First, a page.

Tis the holiday season, time to head over the river and through the woods to grandmother’s house, and to unfamiliar parts of town or even new cities for parties and visits.
GPS and digital maps have it infinitely easier to navigate strange areas. But it’s still helpful to know how to read a map and understand the conventions used for such purposes as laying out cities and naming roads. The folks at Vox recently created a video tutorial on the latter – and explanation of why roadways bear certain descriptors – avenue, street, parkway, et cetera.
It’s interesting stuff. I think most of it really applies to larger older cities, like New York and Washington, DC where, yes, streets are indeed public thoroughfares that run perpendicular to Avenues. But a lot of these naming conventions go right out the window out in the suburbs, where a subdivision may have a parkway, a terrace and a drive – none of which meet the textbook definitions.
Here are a just a few things you’ll learn from the video.
- Road (Rd.): Can be anything that connects two points. The most basic of the naming conventions.
- Way: A small side street off a road.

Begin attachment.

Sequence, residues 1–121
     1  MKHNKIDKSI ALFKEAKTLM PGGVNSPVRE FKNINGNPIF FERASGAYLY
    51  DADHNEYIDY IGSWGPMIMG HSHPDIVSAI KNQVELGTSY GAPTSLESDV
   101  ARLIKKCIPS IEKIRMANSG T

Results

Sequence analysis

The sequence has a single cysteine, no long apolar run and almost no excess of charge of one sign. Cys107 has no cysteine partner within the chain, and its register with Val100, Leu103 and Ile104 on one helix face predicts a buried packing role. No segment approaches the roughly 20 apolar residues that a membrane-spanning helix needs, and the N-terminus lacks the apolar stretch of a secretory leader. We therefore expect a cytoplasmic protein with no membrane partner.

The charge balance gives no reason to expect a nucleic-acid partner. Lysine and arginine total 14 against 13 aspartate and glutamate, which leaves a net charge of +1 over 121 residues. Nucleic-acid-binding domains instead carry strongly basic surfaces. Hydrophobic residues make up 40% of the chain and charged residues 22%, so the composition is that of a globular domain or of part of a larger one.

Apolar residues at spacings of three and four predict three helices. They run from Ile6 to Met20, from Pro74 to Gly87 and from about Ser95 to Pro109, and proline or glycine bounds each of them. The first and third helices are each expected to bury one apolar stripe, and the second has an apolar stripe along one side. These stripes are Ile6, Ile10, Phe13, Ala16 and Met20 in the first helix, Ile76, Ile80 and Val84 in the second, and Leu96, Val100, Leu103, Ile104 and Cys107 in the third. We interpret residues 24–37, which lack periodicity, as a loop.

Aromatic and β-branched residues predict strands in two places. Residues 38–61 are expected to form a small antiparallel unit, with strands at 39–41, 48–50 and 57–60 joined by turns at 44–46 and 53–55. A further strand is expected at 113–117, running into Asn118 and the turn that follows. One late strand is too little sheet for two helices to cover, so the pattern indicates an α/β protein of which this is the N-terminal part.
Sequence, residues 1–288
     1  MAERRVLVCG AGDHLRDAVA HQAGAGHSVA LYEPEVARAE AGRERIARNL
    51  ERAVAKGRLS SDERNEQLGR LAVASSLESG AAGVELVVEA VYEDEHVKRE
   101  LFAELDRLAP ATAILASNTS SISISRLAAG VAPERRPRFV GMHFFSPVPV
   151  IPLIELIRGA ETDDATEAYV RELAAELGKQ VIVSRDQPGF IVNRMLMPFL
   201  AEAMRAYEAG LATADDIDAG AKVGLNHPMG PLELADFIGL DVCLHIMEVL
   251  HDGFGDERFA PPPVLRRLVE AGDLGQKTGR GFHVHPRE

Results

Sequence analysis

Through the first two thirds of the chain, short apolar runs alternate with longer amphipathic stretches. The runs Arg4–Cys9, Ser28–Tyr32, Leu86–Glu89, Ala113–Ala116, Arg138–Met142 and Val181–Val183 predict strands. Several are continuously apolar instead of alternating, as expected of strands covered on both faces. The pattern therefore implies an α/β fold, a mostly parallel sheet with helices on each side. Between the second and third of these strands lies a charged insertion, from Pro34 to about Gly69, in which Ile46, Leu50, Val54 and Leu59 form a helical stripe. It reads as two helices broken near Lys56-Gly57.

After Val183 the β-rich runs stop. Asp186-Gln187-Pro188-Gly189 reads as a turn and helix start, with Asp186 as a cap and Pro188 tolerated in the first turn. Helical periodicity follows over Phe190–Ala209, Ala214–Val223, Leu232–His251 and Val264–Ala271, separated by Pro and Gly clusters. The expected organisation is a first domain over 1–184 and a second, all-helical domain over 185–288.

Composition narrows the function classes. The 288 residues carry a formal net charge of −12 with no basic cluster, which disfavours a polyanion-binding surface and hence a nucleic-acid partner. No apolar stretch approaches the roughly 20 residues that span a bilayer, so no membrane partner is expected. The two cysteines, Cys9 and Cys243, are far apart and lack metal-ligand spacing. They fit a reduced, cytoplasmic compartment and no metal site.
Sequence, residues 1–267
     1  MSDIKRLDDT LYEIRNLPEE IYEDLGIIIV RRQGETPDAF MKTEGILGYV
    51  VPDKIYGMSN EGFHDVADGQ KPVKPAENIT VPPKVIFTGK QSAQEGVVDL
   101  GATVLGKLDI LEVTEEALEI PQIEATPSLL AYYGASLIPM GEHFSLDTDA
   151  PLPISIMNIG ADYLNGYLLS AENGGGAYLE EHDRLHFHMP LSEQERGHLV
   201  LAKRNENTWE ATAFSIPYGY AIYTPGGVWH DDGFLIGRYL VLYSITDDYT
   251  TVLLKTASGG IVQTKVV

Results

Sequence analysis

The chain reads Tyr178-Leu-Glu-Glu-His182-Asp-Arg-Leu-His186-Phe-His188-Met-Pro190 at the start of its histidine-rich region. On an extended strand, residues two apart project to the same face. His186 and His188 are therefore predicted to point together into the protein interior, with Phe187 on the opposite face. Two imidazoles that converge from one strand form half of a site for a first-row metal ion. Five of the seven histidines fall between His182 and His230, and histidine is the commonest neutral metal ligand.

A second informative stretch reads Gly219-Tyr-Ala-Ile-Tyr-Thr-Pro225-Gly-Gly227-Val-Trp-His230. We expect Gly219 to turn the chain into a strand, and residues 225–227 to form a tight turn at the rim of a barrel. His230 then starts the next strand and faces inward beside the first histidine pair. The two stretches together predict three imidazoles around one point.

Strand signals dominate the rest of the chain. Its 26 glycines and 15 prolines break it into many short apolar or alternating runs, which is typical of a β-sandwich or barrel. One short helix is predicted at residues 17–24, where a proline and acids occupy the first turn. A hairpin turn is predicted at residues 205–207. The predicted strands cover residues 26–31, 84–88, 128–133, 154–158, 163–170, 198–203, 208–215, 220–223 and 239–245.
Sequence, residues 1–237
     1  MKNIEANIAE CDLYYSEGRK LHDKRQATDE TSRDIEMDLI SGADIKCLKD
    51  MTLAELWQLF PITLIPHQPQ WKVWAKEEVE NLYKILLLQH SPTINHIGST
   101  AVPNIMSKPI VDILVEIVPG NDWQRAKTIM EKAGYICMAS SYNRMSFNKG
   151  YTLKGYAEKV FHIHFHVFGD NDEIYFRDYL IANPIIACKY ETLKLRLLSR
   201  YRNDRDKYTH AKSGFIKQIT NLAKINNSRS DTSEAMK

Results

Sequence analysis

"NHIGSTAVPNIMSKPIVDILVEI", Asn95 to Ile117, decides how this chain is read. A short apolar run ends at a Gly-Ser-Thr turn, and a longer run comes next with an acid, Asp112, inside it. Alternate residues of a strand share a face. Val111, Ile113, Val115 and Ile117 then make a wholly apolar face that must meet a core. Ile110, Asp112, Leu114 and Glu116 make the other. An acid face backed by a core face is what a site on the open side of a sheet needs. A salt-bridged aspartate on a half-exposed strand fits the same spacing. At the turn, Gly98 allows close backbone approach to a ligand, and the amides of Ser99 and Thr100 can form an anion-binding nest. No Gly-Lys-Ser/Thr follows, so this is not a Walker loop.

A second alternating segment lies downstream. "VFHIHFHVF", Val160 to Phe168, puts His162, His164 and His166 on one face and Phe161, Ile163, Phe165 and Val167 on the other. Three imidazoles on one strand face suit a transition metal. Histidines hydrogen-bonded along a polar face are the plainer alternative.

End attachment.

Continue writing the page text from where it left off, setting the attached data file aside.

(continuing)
- Street (St.): A public way that has buildings on both sides of it. They run perpendicular to avenues.
- Avenue (Ave.): Also a public way that has buildings or trees on either side of it. They run perpendicular to streets.
- Boulevard (Blvd.): A very wide city street that has trees and vegetation on both sides of it. There’s also usually a median in the middle of boulevards.
- Lane (Ln.): A narrow road often found in a rural area. Basically, the opposite of a boulevard.
- Drive (Dr.): A long, winding road that has its route shaped by its environment, like a nearby lake or mountain.
- Terrace (Ter.): A street that follows the top of a slope.
- Place (Pl.): A road or street that has no throughway—or leads to a dead end.
- Court (Ct.): A road or street that ends in a circle or loop.
- Plaza (Plz.): An open public place surrounded by businesses or streets.